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Meditation on the Trinity

The readings for Sunday, May 27, 2018: First Reading: Isaiah 6:1-8 Psalm: Psalm 29 Second Reading: Romans 8:12-17 Gospel: John 3:1-17 Ah, Ho...

Wednesday, October 16, 2013

Meditation on This Sunday's Gospel

by Kristin Berkey-Abbott

The readings for Sunday, October 20, 2013:



First Reading: Genesis 32:22-31

First Reading (Semi-cont.): Jeremiah 31:27-34

Psalm: Psalm 121

Psalm (Semi-cont.): Psalm 119:97-104

Second Reading: 2 Timothy 3:14--4:5

Gospel: Luke 18:1-8


For many years, this Gospel lesson troubled me. I tend to approach Jesus' parables as teaching us something about the nature of God, so I always look for the character that is supposed to resemble God. In this parable, of course, I immediately assume that the Judge is the God stand-in. But what does that say about the nature of God? Do we really worship a God that is so distracted that he'll only respond if we beat the door down several times?

What does it say about us that we are so quick to see God as the male, corrupt judge?

Maybe God in this story is the widow. How would this change our view of God, our view of religion, if we saw God as the more helpless characters in Scripture, as opposed to an authority figure?

It's a scarier view of God, to be sure. Most of us, if we're honest, would say that we prefer God the smiter to God the helpless widow. Even viewing God as a parent allows us to abdicate some responsibility. We’re 3 year olds, after all, praying to our parent God; we’re allowed to have temper tantrums and to refuse to do the right thing.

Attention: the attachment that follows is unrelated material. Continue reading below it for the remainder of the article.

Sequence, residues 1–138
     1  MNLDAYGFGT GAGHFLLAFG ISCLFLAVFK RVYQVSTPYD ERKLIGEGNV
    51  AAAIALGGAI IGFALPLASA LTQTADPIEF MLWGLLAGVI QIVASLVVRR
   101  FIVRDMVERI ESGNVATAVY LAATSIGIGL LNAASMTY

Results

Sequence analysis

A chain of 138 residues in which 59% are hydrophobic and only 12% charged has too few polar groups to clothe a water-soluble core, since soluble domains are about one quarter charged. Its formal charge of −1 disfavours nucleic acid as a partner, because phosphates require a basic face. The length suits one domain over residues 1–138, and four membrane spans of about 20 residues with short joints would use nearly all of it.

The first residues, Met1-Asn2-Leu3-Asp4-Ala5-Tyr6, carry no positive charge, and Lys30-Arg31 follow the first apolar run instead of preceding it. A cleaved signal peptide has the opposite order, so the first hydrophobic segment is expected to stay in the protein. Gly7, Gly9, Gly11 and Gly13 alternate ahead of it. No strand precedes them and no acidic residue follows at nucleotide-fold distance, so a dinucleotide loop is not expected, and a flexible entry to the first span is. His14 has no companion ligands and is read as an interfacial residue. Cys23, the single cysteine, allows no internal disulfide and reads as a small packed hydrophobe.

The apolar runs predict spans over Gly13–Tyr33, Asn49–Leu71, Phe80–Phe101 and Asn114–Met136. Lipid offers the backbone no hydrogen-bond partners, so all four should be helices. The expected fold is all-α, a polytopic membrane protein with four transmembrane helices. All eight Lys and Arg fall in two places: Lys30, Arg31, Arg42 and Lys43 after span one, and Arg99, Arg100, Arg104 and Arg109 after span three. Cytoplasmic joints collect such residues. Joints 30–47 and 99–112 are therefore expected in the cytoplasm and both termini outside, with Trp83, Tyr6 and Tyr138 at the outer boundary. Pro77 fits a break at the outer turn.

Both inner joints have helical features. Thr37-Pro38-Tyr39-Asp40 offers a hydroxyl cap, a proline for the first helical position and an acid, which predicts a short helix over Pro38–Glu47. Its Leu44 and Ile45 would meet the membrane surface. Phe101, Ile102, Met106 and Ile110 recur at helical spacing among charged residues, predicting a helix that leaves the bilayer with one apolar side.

This parable teaches us that we're to cry out for justice day and night. If you're having trouble praying, turn your attention towards the people who are suffering in this world. Pray for whichever population is being slaughtered today. Pray for the survivers of genocide Pray for the people, whomever they might be this week, who are suffering from a natural disaster. Pray for all who need to have continuing courage to resist dictatorship. Pray for the underclass that rots in jails in our own country. Pray for the poor, beleaguered planet as it swelters beneath a merciless sun.

If the stones can cry out for justice (a line from a different Gospel), so can you. And you can take comfort from the fact that God cries out for justice right along beside you.

Remember, the parable promises a positive outcome. Go back to the first verse: "And he told them a parable, to the effect that they ought always to pray and not lose heart." That's the lesson of the parable. Always pray. Don’t lose heart.

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